Impacts of teen dating violence on adulthood
Intimate partner violence during in teenage relationships can affect individuals throughout their whole lives.
Teen dating violence and adverse childhood experiences
It’s easy to discount teen relationships and dating as “puppy love,” but it’s important to remember that this is also a serious developmental phase in a young person’s life. If a child or teen experiences intimate partner violence or sexual violence, it can be classified as an “adverse childhood experience.”
According to the CDC, Adverse Childhood Experiences (ACES) are defined as potentially traumatic events that occur in childhood. ACES can have many long term effects on people who experience them.
In their recommendations on ACES prevention, the CDC points to a child’s teenage years as an inflection point in developing behavioral patterns that can result in violence. “Teens often think some behaviors, like teasing and name-calling, are a ‘normal’ part of a relationship, but these behaviors can become abusive and develop into serious forms of violence.”
For example, the Erin Levitas Foundation is investing in our “Teacher Talk” training to help teachers and professionals who work with young people learn how to identify and respond to sexual harassment before it evolves into violence like sexual assault and rape.
SOURCE: Centers for Disease Control and Prevention (2019). Preventing Adverse Childhood Experiences: Leveraging the Best Available Evidence. Atlanta, GA: National Center for Injury Prevention and Control, Centers for Disease Control and Prevention.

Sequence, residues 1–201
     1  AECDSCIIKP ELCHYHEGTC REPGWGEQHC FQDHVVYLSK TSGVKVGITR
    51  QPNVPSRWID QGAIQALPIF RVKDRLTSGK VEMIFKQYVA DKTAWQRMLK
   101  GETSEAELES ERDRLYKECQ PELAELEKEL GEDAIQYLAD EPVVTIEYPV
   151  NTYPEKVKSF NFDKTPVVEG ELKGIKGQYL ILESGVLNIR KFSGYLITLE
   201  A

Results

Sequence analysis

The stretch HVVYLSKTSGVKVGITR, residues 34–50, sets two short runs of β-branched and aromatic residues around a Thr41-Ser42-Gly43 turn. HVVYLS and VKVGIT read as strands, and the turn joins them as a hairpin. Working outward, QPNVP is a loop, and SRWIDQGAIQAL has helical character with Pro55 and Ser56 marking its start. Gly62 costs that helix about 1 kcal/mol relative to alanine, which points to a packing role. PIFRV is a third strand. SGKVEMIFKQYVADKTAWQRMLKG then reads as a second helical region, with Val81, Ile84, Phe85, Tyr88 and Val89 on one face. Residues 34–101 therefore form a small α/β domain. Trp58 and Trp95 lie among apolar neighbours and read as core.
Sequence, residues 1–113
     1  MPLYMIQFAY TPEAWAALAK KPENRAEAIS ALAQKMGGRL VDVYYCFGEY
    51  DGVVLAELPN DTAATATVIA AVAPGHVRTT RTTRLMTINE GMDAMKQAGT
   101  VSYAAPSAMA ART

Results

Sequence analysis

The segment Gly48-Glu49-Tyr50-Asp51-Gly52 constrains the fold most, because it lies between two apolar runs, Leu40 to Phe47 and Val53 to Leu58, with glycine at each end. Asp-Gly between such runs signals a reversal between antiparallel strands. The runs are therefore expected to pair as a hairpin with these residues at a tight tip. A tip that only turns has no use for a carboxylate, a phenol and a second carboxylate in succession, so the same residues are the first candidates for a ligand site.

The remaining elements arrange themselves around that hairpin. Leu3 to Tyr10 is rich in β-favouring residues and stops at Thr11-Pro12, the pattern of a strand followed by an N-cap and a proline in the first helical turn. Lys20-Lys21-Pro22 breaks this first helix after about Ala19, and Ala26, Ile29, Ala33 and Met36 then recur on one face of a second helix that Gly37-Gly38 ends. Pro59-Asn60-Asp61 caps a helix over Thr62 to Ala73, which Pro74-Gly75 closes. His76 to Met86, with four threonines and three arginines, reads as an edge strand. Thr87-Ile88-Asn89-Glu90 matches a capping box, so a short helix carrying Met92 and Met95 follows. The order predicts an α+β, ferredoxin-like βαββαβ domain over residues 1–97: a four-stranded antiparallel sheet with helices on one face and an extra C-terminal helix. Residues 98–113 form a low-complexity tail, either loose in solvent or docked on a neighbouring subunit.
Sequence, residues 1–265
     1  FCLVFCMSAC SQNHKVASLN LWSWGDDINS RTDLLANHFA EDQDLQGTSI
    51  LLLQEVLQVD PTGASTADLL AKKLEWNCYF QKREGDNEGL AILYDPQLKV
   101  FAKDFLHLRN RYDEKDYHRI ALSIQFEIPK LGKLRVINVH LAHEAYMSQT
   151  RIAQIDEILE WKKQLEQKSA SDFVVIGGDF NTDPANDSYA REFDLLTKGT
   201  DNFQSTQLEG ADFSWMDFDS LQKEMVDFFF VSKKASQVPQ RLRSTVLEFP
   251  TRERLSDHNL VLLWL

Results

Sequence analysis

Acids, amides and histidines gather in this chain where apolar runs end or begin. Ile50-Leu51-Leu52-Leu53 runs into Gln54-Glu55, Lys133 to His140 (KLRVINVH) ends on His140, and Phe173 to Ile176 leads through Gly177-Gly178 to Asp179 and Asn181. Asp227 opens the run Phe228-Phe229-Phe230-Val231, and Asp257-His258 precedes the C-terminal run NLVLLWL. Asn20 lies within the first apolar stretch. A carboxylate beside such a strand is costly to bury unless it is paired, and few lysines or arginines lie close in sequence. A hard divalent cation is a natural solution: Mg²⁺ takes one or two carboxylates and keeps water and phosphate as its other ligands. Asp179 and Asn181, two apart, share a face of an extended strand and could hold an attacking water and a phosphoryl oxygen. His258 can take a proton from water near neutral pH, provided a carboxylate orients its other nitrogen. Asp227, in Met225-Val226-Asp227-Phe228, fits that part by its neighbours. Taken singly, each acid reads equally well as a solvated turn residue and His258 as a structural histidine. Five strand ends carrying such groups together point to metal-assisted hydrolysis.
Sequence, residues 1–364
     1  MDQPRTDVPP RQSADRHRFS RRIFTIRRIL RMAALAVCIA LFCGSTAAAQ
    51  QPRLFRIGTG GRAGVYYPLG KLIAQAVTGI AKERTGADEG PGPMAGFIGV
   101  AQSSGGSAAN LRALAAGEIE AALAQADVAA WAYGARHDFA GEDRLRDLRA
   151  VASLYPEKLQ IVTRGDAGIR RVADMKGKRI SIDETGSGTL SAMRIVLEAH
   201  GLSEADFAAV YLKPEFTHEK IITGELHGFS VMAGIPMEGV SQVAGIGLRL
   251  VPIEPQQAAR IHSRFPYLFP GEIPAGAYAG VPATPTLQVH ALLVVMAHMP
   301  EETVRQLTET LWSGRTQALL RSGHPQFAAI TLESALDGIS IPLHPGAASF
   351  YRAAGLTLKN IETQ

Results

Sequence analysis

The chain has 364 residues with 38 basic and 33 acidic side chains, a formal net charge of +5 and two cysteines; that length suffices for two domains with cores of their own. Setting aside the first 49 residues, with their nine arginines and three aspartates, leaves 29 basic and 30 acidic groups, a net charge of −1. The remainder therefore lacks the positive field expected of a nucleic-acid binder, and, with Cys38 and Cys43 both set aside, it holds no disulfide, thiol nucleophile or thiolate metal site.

Potential effects of unhealthy teen dating relationships
In addition to the list of consequences of being exposed to ACEs in the chart above, there can also be short- and long-term effects on developing teens. According to the CDC: “Youth who are victims of teen dating violence are more likely to experience symptoms of depression and anxiety, engage in unhealthy behaviors, like using tobacco, drugs, and alcohol, exhibit antisocial behaviors like lying, theft, bullying, or hitting, and think about suicide.”
Sadly, violence during teenage relationships often “sets the stage for problems in future relationships including intimate partner violence and sexual violence perpetration and/or victimization throughout life,” says the CDC.
Hurt people, hurt people.
In sexual assault prevention work, it’s also important to recognize that those impacted by harm are more likely to cause harm to others. When we say that we’re working to prevent sexual assault, we realize that a part of our work also lies in interrupting cycles of violence so less survivors become perpetrators because of their trauma.
Teen dating and escalation: Why teen relationships matter
The CDC notes that partner violence in adolescence can be a precursor or risk factor for partner violence in adulthood. Experience with other forms of violence puts people at risk for perpetrating and experiencing intimate partner violence.
For example, children who are exposed to intimate partner violence between their parents or caregivers are more likely to perpetrate or experience intimate partner violence, as are individuals who experience abuse or neglect as children.
Additionally, adolescents who engage in bullying or peer violence are more likely to perpetrate intimate partner violence.
Resources for teens experiencing dating and intimate partner violence
Hotlines teens can call to speak with with trained listeners and advocates:
House of Ruth Maryland 24-Hour Hotline: 410-889-7884
National Dating Abuse Helpline: 1-866-331-9474
National Domestic Violence Hotline: 1-800-799-7233
LGBT National Help Center National Hotline: 1-888-843-4564 or National Youth Talkline 1-800-246-7743
Live chats with trained responders :
Sources for this page
- Rosado, Lourdes, The Pathways to Youth Violence; How Child Maltreatment and Other Risk Factors Lead Children to Chronically Aggressive Behavior. 2000. American Bar Association Juvenile Justice Center
- Centers for Disease Control and Prevention (2019). Preventing Adverse Childhood Experiences: Leveraging the Best Available Evidence. Atlanta, GA: National Center for Injury Prevention and Control, Centers for Disease Control and Prevention